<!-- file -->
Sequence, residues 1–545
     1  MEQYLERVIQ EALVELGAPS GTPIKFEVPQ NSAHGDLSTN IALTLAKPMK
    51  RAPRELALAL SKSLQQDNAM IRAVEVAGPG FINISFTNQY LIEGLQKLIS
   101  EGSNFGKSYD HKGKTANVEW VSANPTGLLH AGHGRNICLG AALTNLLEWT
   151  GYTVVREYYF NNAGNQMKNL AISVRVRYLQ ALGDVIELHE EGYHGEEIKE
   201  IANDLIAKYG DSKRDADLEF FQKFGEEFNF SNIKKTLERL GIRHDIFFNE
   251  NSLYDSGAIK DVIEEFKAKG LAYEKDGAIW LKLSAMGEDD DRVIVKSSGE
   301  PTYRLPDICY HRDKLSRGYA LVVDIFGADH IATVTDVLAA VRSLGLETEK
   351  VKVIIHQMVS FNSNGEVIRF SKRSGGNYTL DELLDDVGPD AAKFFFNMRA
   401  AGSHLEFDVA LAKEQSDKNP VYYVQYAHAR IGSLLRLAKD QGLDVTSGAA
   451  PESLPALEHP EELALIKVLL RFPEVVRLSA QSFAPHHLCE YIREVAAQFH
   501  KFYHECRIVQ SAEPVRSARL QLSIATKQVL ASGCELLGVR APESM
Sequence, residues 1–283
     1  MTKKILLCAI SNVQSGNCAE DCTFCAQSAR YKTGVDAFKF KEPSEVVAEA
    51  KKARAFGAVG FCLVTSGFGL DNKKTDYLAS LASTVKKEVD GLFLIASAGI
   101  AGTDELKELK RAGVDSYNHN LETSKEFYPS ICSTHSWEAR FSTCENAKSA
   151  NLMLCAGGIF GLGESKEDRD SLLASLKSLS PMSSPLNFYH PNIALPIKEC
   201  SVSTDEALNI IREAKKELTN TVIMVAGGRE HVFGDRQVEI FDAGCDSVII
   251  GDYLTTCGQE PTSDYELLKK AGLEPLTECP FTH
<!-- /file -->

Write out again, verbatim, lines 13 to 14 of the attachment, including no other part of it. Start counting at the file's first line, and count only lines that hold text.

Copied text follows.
Sequence, residues 1–283
     1  MTKKILLCAI SNVQSGNCAE DCTFCAQSAR YKTGVDAFKF KEPSEVVAEA